Laser Marking Way

Laser Marking Way.

What is laser marking?

Marcatura Laser” is the laser marking or labeling of workpieces and materials.
In this case, different processes are distinguished, such as engraving, releasing, coloring, softening, and foaming.
Depending on the material and quality requirements, each procedure has advantages and disadvantages.

Benefits of laser marking

  • High precision marking with constant quality.
    The high precision of the laser marking even very fine graphics 1-point fonts, and very small geometry are clearly legible.
    In addition, laser marking ensures constant high-quality results.
  • High-speed marking.
  • Long-lasting mark.

What materials can be marked with a laser?

  • Metal: Stainless steel, titanium, aluminum, gold, silver, copper, platinum, or bronze
  • Plastics: ABS, polycarbonate, polyamide, PMMA, or plastics with laser additives
  • Other ingredients: Foil and films, Laminates, Paints

Depending on the material, different types of lasers are used for laser marking (CO and solid-state lasers).

Various laser marking processes

  • Marking annealing

The heat effect of the laser beam causes an oxidation process below the surface of the material.
Which results in a discoloration of the metal surface.

  • Coloring

In the dyeing method, the heat effect generated by the laser light causes a chemical reaction in the material.
Depending on the composition of the material, this will result in different color shades.
For example, if a lightweight plastic material is darkened during laser etching, soot particles can be produced which will produce dark marks.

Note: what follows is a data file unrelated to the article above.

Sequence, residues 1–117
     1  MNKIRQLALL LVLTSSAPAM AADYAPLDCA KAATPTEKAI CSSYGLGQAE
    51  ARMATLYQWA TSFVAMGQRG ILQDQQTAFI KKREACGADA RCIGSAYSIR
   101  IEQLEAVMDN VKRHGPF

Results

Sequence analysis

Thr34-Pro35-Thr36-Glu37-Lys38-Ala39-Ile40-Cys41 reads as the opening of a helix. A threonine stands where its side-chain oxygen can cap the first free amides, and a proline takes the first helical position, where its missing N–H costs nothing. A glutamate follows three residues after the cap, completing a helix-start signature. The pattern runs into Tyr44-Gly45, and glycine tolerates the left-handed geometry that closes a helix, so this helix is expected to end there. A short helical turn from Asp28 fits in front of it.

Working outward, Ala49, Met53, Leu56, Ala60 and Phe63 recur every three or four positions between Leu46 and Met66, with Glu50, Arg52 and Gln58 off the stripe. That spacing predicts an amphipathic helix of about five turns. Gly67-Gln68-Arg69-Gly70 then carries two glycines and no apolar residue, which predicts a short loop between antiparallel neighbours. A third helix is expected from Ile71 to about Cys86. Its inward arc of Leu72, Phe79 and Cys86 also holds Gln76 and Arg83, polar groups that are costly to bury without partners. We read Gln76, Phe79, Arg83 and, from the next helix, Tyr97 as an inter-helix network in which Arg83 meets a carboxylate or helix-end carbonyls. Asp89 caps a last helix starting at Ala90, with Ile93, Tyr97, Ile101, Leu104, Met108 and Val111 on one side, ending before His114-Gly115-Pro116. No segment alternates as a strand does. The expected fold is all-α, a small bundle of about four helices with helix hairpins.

• Laser engraving

During laser engraving, the surface of the workpiece is melted and laser vaporized.
Thus, the laser beam removes the material.
The resulting impression on the surface is carving.

  • Deletion

During removal, the laser beam removes the top layer applied to the media.
Contrast is produced as a result of the different colors of the topcoat and substrate.

  • Foaming

When foaming, a laser beam melts a material.
During this process, gas bubbles are produced in the material, which scatters lightly reflects off.
The marking will thus be lighter than the areas that have not been scratched.
This type of laser marking is used primarily for dark plastics.

  • Carbonize

Carbonization allows for strong contrast on bright surfaces.
During the carbonization process.
The laser heats the surface of the material (at least 100 ° C) and oxygen, hydrogen, or a combination of the two gases.
What remains is a dark area with a higher carbon concentration.

Carbonization can be used for polymers or biopolymers such as wood or leather.
Since carbonization always leads to dark markings, the contrast in dark materials will be a bit minimal.